Ideal op amps can handle any input voltage and produce any output voltage, so their operation is not affected by supply and bias voltages.

In reality you will need to keep the signal voltages inside the common mode input range and output supply rails. The TLV6001 has 'rail to rail' inputs and outputs, so the best bias point (for maximum signal amplitude) is half the supply voltage.

If using a single supply you can create a 'virtual ground' at 2.5 V with a voltage divider and capacitor, like this:-

schematic

simulate this circuit – Schematic created using CircuitLab

The capacitor needs to be large enough to keep the 'virtual ground' impedance low at the operating frequencies. For the high pass stages you can just connect the lower ends of R9 and R11 to this 2.5 V bias point.

The low pass stage is bit trickier because it is getting bias voltage from the signal source. You should isolate it with a coupling capacitor and then feed bias voltage through a resistor like this:-

schematic

simulate this circuit

Alternatively you could switch the order so the low pass stage is after one of the high pass stages. Since the high pass stage outputs 2.5 V DC you can couple the signal directly to the low pass stage for bias.

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  • \$\begingroup\$ Instead of using a resistor why cant we connect virtual ground directly to the non inverting input? Why doesn't the low pass also outputs 2.5V? Perhaps the 100nF capacitor? Perhaps i could just put the two first high pass filters then the low pass filter so i only need to make one connection to virtual ground in the first high pass filter \$\endgroup\$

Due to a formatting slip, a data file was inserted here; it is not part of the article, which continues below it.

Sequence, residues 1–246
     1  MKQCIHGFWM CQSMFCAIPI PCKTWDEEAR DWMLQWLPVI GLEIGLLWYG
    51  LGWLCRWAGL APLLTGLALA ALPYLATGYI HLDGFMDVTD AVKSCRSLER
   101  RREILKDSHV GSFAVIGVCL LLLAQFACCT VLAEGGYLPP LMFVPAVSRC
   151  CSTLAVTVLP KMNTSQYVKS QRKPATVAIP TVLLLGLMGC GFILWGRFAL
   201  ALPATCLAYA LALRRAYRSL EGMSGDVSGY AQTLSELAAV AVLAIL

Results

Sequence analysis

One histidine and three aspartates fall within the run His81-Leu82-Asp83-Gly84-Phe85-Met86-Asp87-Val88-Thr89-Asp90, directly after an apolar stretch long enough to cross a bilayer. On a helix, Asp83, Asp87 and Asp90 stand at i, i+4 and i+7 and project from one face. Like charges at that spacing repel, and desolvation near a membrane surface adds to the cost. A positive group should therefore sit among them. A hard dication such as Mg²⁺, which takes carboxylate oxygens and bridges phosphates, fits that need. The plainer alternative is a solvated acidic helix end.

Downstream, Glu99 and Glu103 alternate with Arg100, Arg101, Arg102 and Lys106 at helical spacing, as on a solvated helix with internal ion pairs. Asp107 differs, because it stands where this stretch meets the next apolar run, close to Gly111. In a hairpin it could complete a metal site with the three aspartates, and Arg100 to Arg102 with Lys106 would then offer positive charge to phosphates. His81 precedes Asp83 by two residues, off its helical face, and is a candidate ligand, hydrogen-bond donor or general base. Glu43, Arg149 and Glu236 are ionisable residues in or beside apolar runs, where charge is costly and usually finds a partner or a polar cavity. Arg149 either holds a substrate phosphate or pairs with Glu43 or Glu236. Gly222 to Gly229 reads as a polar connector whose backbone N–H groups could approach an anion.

– Scipio
    Dec 1, 2022 at 1:19
  • \$\begingroup\$ I saw some other circuit where one virtual ground equal to the one you made had a voltage buffer next to it, what's the purpose of that here? I placed that circuit in the new edit in this post \$\endgroup\$
    – Scipio
    Dec 1, 2022 at 1:25
  • \$\begingroup\$ The buffer makes the virtual ground 'stiffer' without needing low value resistors (that draw high current) and/or a large capacitor. It's especially useful in circuits that might have a large DC 'ground' current. Downside is op amp response at high frequency can cause noise and instability, and of course you need an extra op amp. \$\endgroup\$ Dec 1, 2022 at 4:44
  • \$\begingroup\$ "nstead of using a resistor why cant we connect virtual ground directly to the non inverting input?" - because it would short out the signal. "Why doesn't the low pass also outputs 2.5V?" - it does, but only when the + input is biased at 2.5V. This on no good for a following high pass stage because it is AC coupled at the input. "Perhaps i could just put the two first high pass filters then the low pass filter so i only need to make one connection to virtual ground in the first high pass filter" - yes, except each high pass filter will need it's own connection to virtual ground. \$\endgroup\$ Dec 1, 2022 at 4:51